One of the restaurants where I go a lot lately is badly managed. I really like some of the employees and they talk with me about their frustrations quite a bit.
A few days ago, a couple of the employees had joined me at my table during their break. They were telling me the latest outrages they faced.
“Why in the world do they stay here if they’re so unhappy?” I thought to myself. I didn’t want to say that to them and sound condescending, but I was judging them for staying where they clearly didn’t want to be.
For a moment, I felt a little smug (and condescending), but then the smile disappeared from my face. In a painful flash, I saw my hypocrisy and felt really uncomfortable.
Why do people stay in places where they’re unhappy? I shouldn’t be pointing a finger at them. My smug question should be directed at myself.
I haven’t been able to get this uncomfortable question out of my mind since then. The more I think about it, the more I see this horrible tendency in a lot of people, including myself at times.
We sometimes feel as though we’re in prison. We don’t want to be where we are. We feel trapped. We’re quietly miserable, even though we might not admit that to others.
We have “good reasons” why we stay where we are. We’re envious of other people who can make changes and leave their prisons, but we think something is different for us. We might say we’re staying to protect someone else. We might think we’re protecting ourselves. We might even promise ourselves that we’re eventually going to leave.
But the simple truth is that we continue to endure long-term pain — over and over and over again — because we are unwilling to endure some short-term pain today.
When I used to work for myself, every day of the week seemed pretty much like any other. Depending on what was going on, I might work on any particular day. It didn’t matter whether it was Saturday or Sunday or a holiday. If something needed to be done, I was happy to do the work.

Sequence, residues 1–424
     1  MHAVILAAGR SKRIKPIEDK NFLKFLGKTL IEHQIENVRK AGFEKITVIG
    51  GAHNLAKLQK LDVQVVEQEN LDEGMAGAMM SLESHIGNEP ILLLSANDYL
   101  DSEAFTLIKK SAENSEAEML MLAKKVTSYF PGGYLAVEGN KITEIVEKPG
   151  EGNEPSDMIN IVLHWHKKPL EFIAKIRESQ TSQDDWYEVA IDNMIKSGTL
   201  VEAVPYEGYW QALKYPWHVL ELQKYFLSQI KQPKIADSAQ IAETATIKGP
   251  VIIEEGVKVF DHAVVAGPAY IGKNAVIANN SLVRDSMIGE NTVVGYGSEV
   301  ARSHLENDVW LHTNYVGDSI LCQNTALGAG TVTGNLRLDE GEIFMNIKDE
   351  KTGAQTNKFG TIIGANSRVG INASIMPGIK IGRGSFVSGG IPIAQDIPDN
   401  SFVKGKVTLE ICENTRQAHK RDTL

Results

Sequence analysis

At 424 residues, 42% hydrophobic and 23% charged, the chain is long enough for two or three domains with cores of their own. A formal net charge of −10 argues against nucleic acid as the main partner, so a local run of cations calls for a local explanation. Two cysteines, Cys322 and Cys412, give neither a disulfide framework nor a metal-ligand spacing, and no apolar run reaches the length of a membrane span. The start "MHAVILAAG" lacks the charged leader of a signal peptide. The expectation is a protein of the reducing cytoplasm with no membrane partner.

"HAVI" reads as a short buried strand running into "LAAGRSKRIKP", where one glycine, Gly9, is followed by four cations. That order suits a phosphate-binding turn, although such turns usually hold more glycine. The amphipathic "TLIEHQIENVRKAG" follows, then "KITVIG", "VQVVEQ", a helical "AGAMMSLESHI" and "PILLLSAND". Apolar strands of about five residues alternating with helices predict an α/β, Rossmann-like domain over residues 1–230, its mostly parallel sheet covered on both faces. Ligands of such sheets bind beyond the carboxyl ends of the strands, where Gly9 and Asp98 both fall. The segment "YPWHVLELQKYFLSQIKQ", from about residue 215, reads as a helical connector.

But I was just as likely to take an unplanned afternoon off to visit the zoo. Or go to a movie by myself in the afternoon while everybody else I knew was stuck at an office. Or get into the car and go visit someone I wanted to see, even if she lived hundreds of miles away. Or just take a day off and write whatever I wanted to write.
I had freedom to do what I wanted when I wanted to do it. As long as I got my work done — on my own schedule, for the most part — I was free and I was happy.
I don’t have that freedom today. I’ve tied myself to being at an office on someone else’s schedule. It’s not an unreasonable schedule. I can’t complain. I can get time off or re-arrange things when I really need to. But unless there’s a very good reason, I’m going to be in that office — doing work that matters to someone else — for those hours five days a week.
When I used to work for myself, Fridays were nothing special to me and I didn’t dread Mondays. Today, I live for the weekend. I feel like a prisoner who goes on parole each Friday at 5 p.m. and has to return on Monday.
Nobody forces me to do this. It was an opportunity that was handed to me and I took it. I’m certainly not unhappy with the person who offered me the job — who happens to be a long-time friend — but I know I’ve trapped myself in a velvet prison.
So why don’t I make a change?
That was the question that hit me pretty hard as I sat there and judged those restaurant employees the other day. Why don’t I make a change?
There’s inertia, of course. This is a well-established pattern. The company has come to depend on me, so I suppose I like to believe it would hurt my friend if I left. I don’t have to make a new plan to stick with this. I just get up each day and go solve problems for someone else — instead of myself.
I could ditch that job and keep my real estate license. I could go ahead and get a broker’s license in the next couple of months if I wanted to. I could replace the income from what I’m doing internally at the company — probably more easily than I want to admit — but it’s easier to just keep hating weekdays and praying for the arrival of the weekend.
I’m unhappy with myself about this, but so far, I haven’t done anything about it.
Everybody has done this. Most of us are doing it right now — about something. I don’t know what you need to change. I don’t know what your prison is. But I do know that your reasons for staying in your prison are terrible. I know the door is really open. All you have to do is screw up your courage and walk through the door which has been open all along.
You can either leave — and go do whatever else you ought to be doing instead — or you can waste more months or years or even decades of your life in this unlocked prison.
Eventually, it will be too late for whatever it is you want to be doing instead. You and I both need to find the courage to take action right now — not tomorrow or next week — to start walking through the prison doors which have held us in.
If we don’t, we will forever regret staying imprisoned in a place we could have left at any time.